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Tuesday, September 30, 2008

Alliant power plan draws fire, support

From an article by Craig D. Reber in the Telegraph Herald (Dubuque):

CASSVILLE, Wis. — Now the wait begins.

More than 400 people attended Monday’s Public Service Commission of Wisconsin-hosted public hearing at the Cassville Elementary School gymnasium on Alliant Energy’s application to build a new electric power plant.

Alliant wants to add a 300-megawatt generator - which would produce enough electricity to light 150,000 homes - at the Nelson Dewey Generating Station along the Mississippi River in western Grant County. The company said the plant also will be capable of burning biomass such as switchgrass, corn stalks and wood. Alliant’s alternate site is the Columbia Energy Center, just outside of Portage.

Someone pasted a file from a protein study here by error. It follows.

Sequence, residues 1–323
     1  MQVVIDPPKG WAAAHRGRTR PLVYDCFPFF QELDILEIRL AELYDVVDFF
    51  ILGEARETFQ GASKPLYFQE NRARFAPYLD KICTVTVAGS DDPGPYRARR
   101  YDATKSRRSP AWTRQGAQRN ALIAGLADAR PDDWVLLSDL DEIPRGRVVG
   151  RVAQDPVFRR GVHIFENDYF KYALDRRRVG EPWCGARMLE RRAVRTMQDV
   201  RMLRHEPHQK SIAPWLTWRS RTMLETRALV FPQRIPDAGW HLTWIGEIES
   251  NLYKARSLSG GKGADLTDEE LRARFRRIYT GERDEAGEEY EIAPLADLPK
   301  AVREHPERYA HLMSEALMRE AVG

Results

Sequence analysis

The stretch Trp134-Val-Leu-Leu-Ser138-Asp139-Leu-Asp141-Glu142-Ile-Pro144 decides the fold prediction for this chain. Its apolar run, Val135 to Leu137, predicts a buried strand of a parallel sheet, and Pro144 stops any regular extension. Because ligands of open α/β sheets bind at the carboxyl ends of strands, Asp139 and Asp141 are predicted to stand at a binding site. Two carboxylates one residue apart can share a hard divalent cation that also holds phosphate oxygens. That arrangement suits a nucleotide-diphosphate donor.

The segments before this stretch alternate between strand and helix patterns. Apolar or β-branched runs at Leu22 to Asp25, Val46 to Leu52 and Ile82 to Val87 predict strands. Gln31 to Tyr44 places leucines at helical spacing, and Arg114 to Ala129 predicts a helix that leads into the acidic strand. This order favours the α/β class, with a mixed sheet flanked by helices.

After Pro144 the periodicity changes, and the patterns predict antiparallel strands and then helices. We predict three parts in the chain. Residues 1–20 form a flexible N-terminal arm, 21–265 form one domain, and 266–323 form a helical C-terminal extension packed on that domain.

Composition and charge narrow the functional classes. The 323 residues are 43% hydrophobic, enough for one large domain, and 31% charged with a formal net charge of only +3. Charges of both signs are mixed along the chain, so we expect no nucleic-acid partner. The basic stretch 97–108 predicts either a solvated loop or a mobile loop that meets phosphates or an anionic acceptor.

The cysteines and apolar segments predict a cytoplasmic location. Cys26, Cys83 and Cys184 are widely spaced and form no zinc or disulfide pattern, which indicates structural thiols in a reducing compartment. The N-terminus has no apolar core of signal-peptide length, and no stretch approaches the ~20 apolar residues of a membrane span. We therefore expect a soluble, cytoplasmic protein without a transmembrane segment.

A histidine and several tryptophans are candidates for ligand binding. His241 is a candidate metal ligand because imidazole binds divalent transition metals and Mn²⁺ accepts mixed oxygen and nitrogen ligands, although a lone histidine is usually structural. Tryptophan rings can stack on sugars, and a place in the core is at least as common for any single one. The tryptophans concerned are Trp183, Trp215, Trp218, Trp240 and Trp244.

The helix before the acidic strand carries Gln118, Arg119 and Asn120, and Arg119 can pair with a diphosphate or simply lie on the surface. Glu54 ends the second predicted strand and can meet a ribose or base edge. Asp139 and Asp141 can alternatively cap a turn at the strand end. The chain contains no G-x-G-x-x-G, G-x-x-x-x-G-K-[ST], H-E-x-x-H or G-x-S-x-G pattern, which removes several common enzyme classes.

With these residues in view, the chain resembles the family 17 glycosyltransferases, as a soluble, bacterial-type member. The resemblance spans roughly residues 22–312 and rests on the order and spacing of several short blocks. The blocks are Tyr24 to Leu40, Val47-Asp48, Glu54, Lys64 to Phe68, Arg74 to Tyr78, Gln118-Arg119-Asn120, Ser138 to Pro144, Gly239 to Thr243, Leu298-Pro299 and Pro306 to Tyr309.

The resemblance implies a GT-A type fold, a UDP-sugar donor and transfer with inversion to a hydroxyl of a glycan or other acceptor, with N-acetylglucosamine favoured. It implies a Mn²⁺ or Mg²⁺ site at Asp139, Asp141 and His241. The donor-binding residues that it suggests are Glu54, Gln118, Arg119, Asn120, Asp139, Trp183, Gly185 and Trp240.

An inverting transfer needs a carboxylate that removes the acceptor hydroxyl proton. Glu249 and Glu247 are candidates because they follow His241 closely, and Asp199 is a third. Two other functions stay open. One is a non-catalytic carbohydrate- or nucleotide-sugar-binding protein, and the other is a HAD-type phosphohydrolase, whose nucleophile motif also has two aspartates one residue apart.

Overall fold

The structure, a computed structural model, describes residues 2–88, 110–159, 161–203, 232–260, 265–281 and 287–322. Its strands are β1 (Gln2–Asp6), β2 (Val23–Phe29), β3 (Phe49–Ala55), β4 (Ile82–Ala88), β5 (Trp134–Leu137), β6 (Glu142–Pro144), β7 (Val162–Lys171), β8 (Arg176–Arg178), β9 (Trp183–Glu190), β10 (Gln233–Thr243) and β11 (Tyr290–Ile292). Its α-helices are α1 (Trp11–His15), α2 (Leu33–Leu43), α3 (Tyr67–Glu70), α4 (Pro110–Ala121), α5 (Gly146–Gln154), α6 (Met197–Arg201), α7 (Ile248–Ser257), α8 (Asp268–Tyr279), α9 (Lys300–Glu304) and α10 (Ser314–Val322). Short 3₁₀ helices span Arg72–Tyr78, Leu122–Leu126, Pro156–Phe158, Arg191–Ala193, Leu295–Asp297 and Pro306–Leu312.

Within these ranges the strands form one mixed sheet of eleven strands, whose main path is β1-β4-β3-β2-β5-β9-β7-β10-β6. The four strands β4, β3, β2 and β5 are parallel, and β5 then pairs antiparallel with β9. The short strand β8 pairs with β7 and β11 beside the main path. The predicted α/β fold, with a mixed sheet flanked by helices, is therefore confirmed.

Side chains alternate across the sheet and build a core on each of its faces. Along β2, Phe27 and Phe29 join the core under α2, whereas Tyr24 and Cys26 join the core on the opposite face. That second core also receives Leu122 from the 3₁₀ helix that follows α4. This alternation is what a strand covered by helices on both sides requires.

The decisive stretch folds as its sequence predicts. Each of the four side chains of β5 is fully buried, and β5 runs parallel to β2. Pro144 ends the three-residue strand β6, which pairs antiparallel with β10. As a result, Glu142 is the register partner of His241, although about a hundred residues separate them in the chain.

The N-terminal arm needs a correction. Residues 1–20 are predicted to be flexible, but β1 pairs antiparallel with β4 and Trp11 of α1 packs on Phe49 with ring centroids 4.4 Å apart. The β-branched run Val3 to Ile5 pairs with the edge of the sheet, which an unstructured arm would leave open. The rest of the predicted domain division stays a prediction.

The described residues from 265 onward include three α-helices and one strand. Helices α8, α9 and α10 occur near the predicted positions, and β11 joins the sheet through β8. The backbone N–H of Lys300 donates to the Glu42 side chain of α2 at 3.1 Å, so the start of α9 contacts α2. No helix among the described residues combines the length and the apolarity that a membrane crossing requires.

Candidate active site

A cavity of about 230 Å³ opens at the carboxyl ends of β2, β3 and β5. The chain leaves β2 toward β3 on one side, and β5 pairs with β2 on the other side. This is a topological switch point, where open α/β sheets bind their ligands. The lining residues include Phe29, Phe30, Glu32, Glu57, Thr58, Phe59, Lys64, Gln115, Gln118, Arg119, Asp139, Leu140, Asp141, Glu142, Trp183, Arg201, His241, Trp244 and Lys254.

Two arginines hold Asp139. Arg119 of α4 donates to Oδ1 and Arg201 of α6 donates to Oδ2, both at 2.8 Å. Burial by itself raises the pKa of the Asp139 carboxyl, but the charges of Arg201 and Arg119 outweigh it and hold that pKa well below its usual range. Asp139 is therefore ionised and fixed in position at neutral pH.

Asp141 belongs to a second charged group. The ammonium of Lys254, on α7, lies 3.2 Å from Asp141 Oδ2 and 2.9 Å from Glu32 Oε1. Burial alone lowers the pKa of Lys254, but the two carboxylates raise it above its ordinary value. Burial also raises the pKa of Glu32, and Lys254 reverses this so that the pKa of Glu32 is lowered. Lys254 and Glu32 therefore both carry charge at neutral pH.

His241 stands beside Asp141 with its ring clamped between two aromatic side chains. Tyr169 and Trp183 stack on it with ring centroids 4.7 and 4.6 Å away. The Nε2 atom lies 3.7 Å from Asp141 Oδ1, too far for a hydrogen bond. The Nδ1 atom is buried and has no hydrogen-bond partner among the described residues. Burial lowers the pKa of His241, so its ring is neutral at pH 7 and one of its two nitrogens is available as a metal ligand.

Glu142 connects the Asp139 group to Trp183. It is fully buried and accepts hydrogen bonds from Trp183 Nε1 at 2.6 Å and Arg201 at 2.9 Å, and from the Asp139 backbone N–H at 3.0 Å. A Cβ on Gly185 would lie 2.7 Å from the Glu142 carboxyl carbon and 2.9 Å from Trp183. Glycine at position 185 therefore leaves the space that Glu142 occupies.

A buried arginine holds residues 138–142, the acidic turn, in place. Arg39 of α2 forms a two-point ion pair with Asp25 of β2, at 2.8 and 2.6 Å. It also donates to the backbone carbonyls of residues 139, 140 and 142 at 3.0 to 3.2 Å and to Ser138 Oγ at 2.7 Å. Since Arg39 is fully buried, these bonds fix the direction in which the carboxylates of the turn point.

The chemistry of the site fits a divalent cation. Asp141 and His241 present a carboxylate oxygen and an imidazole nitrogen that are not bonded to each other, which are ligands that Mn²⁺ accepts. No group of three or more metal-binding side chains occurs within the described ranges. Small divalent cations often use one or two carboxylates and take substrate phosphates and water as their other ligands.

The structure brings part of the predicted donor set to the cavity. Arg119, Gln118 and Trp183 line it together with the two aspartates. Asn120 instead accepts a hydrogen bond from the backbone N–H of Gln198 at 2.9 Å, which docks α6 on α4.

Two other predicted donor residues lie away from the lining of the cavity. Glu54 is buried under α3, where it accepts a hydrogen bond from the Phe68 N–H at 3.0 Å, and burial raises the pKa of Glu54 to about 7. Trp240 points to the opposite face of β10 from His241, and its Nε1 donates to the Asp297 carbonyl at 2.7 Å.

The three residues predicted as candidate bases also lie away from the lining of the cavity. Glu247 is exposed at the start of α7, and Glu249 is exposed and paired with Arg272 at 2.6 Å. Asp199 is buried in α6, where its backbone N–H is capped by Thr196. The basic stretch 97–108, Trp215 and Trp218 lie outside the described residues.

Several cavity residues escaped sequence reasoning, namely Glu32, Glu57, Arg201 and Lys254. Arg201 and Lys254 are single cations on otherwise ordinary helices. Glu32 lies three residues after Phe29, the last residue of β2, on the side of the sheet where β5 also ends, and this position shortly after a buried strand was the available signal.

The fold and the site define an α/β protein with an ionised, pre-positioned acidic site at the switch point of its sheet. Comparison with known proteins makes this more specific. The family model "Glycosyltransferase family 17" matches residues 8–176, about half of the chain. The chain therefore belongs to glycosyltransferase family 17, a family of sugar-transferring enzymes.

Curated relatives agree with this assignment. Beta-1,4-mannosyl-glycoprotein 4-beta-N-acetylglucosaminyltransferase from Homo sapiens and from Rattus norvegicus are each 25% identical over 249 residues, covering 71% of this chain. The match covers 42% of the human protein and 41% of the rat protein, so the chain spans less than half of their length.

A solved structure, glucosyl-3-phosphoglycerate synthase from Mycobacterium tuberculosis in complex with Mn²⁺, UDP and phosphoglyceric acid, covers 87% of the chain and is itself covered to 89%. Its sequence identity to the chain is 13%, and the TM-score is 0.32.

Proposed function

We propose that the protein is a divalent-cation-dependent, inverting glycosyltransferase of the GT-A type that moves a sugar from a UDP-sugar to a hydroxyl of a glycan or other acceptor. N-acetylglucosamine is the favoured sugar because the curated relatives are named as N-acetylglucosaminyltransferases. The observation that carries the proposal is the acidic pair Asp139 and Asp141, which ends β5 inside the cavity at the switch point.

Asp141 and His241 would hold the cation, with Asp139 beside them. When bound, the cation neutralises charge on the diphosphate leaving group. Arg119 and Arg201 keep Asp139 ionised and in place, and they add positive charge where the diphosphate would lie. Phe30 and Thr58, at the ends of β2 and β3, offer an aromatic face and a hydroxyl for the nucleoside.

The commission has the authority to approve, deny or modify any proposed electric construction project.

On Monday, the plan attracted supporters and critics. Supporters cite economic development, jobs, and the need for more energy in the state. Opponents cited concerns ranging from health concerns to an increase in pollutants and global warming.

Pam Kleiss, of Physicians for Social Responsibility-Wisconsin, said coal-burning power plants release pollutants that cause a significant challenge to public health.
“The public health care costs are well-documented,” she said.

One of the first speakers was Cassville Village President Louis Okey who was blunt.
“Cassville needs this plant,” he said. “It may not survive if it doesn’t get this plant. There are a lot of places where a plant like this isn’t wanted. There’s overwhelming support here.

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